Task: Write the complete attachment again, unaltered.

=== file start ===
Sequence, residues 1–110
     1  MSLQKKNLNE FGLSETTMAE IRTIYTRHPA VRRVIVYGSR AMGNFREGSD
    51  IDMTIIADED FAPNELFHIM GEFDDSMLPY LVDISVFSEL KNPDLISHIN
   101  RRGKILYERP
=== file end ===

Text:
Sequence, residues 1–110
     1  MSLQKKNLNE FGLSETTMAE IRTIYTRHPA VRRVIVYGSR AMGNFREGSD
    51  IDMTIIADED FAPNELFHIM GEFDDSMLPY LVDISVFSEL KNPDLISHIN
   101  RRGKILYERP